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Home » Eclipse Projects » Eclipse Titan » keeping larger state tables in something more efficient than arrays
keeping larger state tables in something more efficient than arrays [message #1822217] Sun, 01 March 2020 22:04 Go to next message
Harald Welte is currently offline Harald WelteFriend
Messages: 128
Registered: July 2017
Location: Berlin, Germany
Senior Member

In many use cases in the Osmocom ( test suites we are creating state tables of a given protocol layer in order to run multiple parallel test components on top.

This is a re-appearing pattern you can find in many telecom protocols. In the end you have N tunnels, N channels, N subscribers, ... and you want to have one component that receives messges from the underlying transport and which then dispatches to the per-subscriber/channel/tunnel component on top. In osmo-ttcn3-hacks, we call those the FOO_Emulation component.

In those components, you typically create some kind of state table based on some higher-level identifier, e.g. the IMSI of the subscriber. This IMSI is what de-multiplexes the received messages to individual per-subscriber TTCN-3 components.

So far, we've used statically-sized TTCN-3 arrays and linear list iteration for the related data structures. That's fine if you want to run a handful of parallel test components, like 16 or 32.

But what if you want to scale higher? For e.g. 1000 records I wouldn't want to use linear iteration over the array at every lookup. It seems neither TTCN-3 nor TITAN provide any built-in support for more efficient data structures like trees, hash tables, dictionaries, etc.

Does anyone have good ideas on how to address this? I would assume that anyone doing load/performance testing of stateful systems would run into the same kind of problem. Yes, I understand TTCN-3 is primarily used for functional and conformance testing, but given the performance of the actual TITAN-generated code, and the fact there is a "load testing runtime"... why not?

Yes, it might be possible to use a C++ implementation of a related data structure, import that as native functions into TITAN and then use such functions to look-up entries. However, I suspect the devil is in the details - like having to write lots of boilerplate code for each and every to-be-suppored data type / table.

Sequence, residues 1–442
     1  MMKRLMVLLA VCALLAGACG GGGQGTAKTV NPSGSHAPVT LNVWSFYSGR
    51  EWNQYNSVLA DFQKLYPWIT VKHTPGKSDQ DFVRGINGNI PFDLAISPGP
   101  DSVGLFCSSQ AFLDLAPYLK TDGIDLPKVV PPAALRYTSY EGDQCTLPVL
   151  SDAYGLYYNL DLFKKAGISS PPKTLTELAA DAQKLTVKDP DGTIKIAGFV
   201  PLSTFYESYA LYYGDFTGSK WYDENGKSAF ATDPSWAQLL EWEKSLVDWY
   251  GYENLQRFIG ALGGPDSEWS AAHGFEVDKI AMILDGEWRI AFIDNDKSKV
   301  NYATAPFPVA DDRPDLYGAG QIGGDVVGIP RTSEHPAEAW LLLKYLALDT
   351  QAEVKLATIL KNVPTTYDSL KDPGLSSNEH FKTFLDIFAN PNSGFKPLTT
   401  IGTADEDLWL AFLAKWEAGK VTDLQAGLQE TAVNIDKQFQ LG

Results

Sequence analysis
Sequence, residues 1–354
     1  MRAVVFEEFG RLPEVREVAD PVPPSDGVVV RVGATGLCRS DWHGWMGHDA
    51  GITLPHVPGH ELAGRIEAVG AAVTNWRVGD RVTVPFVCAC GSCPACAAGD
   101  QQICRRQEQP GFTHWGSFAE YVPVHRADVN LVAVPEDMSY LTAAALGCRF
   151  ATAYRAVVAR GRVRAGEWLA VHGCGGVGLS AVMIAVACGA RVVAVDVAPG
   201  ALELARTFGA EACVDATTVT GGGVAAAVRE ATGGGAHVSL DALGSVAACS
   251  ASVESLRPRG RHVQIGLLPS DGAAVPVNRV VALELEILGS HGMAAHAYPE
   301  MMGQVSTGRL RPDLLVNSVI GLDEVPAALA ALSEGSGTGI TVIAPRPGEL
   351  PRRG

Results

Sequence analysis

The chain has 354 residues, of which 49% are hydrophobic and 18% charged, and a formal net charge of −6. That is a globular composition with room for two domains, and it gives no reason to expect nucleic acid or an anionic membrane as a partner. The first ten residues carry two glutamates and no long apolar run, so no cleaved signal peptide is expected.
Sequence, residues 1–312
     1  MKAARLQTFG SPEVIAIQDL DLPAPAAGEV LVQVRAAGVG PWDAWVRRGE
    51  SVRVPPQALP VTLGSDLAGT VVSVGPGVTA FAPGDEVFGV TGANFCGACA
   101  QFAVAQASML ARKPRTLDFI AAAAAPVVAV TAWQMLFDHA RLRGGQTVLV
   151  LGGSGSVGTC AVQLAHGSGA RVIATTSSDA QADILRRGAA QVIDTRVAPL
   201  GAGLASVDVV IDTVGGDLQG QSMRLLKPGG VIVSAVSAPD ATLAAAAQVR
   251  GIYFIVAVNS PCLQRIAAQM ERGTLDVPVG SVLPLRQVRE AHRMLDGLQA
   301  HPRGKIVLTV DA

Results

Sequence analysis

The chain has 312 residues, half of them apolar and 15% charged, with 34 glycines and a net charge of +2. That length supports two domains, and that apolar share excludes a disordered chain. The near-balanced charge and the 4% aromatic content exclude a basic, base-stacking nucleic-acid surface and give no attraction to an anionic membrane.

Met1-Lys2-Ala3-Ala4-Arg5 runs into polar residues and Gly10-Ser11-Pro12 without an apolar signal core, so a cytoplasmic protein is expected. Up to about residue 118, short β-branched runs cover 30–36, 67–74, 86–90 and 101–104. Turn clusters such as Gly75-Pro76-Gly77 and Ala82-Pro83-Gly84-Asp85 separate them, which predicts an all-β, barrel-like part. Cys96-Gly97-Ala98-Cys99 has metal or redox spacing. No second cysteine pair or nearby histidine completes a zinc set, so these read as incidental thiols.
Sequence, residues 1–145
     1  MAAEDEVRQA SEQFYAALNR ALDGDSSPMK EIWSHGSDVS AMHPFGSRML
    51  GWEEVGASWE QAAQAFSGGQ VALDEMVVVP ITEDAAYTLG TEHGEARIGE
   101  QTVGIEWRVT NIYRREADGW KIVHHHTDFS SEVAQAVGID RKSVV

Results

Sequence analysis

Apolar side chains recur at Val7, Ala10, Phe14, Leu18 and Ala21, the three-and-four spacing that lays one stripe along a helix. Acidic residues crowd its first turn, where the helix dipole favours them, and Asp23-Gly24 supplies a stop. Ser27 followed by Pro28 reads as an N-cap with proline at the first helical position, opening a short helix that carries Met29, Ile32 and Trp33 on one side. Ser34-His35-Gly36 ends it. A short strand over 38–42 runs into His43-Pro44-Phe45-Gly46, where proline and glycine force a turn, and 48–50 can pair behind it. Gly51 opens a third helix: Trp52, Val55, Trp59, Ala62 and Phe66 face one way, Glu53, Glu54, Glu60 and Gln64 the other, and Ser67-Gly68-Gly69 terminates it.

Re: keeping larger state tables in something more efficient than arrays [message #1822229 is a reply to message #1822217] Mon, 02 March 2020 08:33 Go to previous messageGo to next message
Gábor Szalai is currently offline Gábor SzalaiFriend
Messages: 86
Registered: December 2015
Check the git://

It contains implementation of string2integer and integer2integer hash maps and free-busy queues. Unfortunately it is not easy to separate them from the rest of the library

Re: keeping larger state tables in something more efficient than arrays [message #1822240 is a reply to message #1822229] Mon, 02 March 2020 10:19 Go to previous message
Elemer Lelik is currently offline Elemer LelikFriend
Messages: 1120
Registered: January 2015
Senior Member
Hi Harald,

a lot can be accomplished by using "record of " structures instead of arrays.
These are a lot more flexible, can be grown or shrunk at will, "lengthof" will return the position of the last pointer etc.
If not properly managed though, they can consume the whole memory if extended uncontrollably, or lead to memory leaks if not properly freed and so on;
but symptoms will manifest only for applications running for a longer period of time intensively, such as load generators for stability test etc.
Titan is being used to a great extent in load generating applications, and speed of execution was a permanent concern for design.

Best regards
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